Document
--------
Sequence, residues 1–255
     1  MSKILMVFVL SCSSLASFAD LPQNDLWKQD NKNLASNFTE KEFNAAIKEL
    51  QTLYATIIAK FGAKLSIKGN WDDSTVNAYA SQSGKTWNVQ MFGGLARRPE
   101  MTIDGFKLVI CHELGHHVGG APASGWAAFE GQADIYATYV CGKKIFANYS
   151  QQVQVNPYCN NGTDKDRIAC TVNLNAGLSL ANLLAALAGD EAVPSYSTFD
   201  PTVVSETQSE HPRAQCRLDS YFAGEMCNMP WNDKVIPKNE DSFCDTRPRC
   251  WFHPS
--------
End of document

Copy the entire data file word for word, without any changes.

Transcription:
Sequence, residues 1–255
     1  MSKILMVFVL SCSSLASFAD LPQNDLWKQD NKNLASNFTE KEFNAAIKEL
    51  QTLYATIIAK FGAKLSIKGN WDDSTVNAYA SQSGKTWNVQ MFGGLARRPE
   101  MTIDGFKLVI CHELGHHVGG APASGWAAFE GQADIYATYV CGKKIFANYS
   151  QQVQVNPYCN NGTDKDRIAC TVNLNAGLSL ANLLAALAGD EAVPSYSTFD
   201  PTVVSETQSE HPRAQCRLDS YFAGEMCNMP WNDKVIPKNE DSFCDTRPRC
   251  WFHPS